I usually buy a gift at xmas time to show my appreciation . I do that with my fam dr , my psychiatrist and my therapist and this year with my GI ....I am lucky to have my GI he really cares and when I call him ...he calls me back withing 1/2 hr. I am lucky that I really like my drs and it really helps when your dr cares and genually wants to help make you feel better.
Post Edited (princesa) : 9/11/2007 1:08:47 PM (GMT-6)
I'm glad to see some positivity about everyone's medical professionals on this thread. Thank you, KitKat, for starting this! And thank you to those of you who are taking the time to selflessly reflect and trying to put yourself in your doctors' shoes even though you are suffering.
I am in my first year of medical school and have no life outside of it. The highlight of my day consists of feeling victorious when I find some random artery in my cadaver (I'm not complaining here - I like learning this stuff and I knowingly put myself in this position). BillShakespeare, you must have had very poor experiences with your own doctors to think so negatively of them, and that's really a shame. You say they don't care about people, that becoming a doctor is "easy," that they have ego complexes and are just entirely too "privileged" for their own good. I can't think of anything further from the truth than most of those statements for the vast majority of physicians. Sometimes we have to look inward when we feel so vehemently negative about something and Bill, I urge you to do so.
I have had some not-so-great doctors (the ones who are harried, can't be bothered, etc.) but in the same vein as above, I've had such positive experiences with so many more. Now I have even more appreciation for them and their skills. I hope to emulate those good ones someday.
This is Kitt and I am so proud of each of you for speaking up and sharing your stories. I too know many wonderful and kind Doctors. The one that did the autopsy on my son and attended his funeral, the GI Doctor my husband sees for his Crohn's and always follows up with a persoanl phone call the evening of his colonoscopy to make sure he is ok. She calls every single patient herself and she has many. The Doctor who held my hand when my Father died.
The ER Doctor, my partner, who worked long hard hours missing sleep, holidays with his family, time away from the golf course ( lol), put himself through medical school and works with Doctors Accross Borders. The man is kind and caring to everyone from the poor soul that lives under the bridge to the lawyers. Every single person he sees he treats with extreme dignity, even the patient out of his mind on Meth.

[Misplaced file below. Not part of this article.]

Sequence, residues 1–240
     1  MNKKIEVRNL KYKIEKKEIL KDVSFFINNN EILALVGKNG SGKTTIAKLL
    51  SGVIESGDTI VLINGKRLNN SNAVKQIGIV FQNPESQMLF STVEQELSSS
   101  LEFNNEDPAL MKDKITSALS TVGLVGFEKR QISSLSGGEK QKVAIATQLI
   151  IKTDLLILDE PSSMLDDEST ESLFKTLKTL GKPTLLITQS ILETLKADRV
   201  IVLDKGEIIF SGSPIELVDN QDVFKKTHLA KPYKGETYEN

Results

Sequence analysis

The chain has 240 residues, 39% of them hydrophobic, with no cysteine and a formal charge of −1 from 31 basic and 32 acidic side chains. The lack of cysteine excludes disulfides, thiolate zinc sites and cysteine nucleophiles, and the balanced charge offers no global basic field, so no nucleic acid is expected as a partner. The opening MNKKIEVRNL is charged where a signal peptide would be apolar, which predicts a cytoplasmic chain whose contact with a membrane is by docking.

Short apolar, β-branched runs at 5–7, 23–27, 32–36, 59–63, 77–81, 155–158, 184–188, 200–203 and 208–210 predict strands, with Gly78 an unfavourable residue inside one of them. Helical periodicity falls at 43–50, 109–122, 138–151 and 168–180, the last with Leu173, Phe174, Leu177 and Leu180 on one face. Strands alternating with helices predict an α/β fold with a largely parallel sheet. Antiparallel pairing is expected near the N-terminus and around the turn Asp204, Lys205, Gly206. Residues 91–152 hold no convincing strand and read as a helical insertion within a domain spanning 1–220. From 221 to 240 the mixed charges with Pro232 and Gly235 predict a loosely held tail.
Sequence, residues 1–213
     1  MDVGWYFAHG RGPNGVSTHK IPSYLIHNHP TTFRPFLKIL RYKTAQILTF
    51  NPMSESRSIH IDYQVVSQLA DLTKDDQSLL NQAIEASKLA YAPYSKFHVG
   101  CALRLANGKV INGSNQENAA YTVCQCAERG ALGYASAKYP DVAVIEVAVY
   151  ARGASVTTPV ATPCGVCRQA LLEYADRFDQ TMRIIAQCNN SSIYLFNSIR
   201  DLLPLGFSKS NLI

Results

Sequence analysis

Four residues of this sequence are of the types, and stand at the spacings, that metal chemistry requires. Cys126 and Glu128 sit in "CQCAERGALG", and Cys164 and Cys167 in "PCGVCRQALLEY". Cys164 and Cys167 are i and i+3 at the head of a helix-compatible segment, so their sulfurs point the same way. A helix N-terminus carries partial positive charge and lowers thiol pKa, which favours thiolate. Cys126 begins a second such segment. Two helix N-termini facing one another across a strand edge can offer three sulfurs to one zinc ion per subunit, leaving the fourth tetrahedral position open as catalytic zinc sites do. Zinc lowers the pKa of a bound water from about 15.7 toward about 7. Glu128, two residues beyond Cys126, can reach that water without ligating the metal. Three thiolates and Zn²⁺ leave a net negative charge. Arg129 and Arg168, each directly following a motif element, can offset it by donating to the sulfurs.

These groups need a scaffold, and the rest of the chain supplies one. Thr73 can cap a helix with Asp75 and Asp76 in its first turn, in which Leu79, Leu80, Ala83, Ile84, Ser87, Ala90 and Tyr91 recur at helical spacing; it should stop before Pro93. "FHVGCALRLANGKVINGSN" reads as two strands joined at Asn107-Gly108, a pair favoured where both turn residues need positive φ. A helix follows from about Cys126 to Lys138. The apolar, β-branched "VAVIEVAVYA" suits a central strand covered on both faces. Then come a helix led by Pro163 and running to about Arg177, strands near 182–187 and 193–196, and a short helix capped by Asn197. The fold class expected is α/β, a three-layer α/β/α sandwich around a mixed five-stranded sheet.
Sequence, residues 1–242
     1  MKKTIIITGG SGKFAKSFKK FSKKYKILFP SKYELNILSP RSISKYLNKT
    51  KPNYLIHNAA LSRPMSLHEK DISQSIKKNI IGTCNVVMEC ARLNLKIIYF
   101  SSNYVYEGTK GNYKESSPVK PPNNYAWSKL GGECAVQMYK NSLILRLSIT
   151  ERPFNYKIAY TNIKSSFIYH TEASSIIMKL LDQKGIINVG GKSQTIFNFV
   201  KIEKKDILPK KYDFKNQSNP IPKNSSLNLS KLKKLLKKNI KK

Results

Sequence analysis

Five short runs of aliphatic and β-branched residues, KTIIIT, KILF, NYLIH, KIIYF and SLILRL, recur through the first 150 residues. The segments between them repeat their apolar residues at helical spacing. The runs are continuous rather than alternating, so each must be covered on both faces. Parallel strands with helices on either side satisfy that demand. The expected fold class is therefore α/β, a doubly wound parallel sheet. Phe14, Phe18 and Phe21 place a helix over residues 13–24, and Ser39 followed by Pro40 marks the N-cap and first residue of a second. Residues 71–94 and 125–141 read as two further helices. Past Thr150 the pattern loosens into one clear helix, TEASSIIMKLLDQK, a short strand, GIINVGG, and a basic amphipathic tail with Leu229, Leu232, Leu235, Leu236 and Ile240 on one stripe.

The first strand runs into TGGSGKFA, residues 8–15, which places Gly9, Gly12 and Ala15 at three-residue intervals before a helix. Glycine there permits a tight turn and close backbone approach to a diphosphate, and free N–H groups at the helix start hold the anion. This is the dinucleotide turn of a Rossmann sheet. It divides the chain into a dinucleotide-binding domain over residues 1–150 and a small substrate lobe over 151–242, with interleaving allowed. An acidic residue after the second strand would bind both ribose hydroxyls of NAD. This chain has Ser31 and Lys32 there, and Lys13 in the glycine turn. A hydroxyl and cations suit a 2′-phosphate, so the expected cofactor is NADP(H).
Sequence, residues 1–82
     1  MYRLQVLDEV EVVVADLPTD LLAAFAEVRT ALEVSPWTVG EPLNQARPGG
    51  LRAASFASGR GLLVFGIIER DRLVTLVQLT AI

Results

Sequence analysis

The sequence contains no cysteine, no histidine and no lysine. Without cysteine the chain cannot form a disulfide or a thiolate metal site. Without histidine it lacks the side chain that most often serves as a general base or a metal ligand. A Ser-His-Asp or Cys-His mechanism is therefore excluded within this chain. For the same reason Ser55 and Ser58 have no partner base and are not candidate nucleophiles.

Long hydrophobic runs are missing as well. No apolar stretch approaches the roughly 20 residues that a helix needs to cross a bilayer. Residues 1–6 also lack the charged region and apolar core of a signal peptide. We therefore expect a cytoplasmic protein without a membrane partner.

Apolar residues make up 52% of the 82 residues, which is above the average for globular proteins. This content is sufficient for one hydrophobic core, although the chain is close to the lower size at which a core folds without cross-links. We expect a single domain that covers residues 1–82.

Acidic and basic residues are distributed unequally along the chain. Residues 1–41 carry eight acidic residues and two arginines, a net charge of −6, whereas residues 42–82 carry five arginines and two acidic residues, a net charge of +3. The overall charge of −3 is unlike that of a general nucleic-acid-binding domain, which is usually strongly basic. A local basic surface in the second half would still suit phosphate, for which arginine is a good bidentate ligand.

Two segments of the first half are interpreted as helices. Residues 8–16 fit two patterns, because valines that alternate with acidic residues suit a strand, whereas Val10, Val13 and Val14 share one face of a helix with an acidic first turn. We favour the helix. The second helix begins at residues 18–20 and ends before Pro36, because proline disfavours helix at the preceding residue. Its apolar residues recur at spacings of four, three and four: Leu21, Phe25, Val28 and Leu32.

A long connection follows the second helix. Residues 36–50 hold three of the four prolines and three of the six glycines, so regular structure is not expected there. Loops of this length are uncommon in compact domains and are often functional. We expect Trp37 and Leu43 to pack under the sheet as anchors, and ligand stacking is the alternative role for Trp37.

The doctors I know do not lie and hide their mistakes from the patients or their families. We have a protocol at our hospital, we tell the patient the truth up front when we make a mistake, why lie as we are only human and yes Doctors can make a mistake. Does not everyone or is there someone out there that is perfect ? I know I am just human.
On 911, we should be celebrating the medical field, EMS, Fire, Police, and all the people that came forward to try to save the lives of so many only to go home in tears of pain like the rest of the country.
Everyone of you is a special person, thank you for speaking out in such a positive and respectful manner.
Thank you for taking the time to read this. Amen.
One of the reason's the medical profession is stepping forward and admitting their mistakes is to break the wall of silence. It has been found to help the patient's and the families to hear straight from the physicians that they have made a mistake and acknowledge their mistake. The patients need this information so they can continue on with the care they need.
So yes you are right admission of mistakes is the better road to take for all.
Yes there are some bad Doctors as with any profession but educating the public and nurses advocating for the patients has come a long way.
We now ask family members if they would like to be at the bedside of their loved one during full arrests as we feel if they see the effort of the team working to try to save a patient's life, they will know all is being done and they can also be their to talk directly to the staff when they have a question. I have not had an ER Doc refuse a family member access during a code. The Doctor is on full display for the family to see and if they see something they question and later take it to litigation, well so be it.
Thank you for pointing out the book and members can access Amazon right here or their library or any book store if they are interested in reading it. :)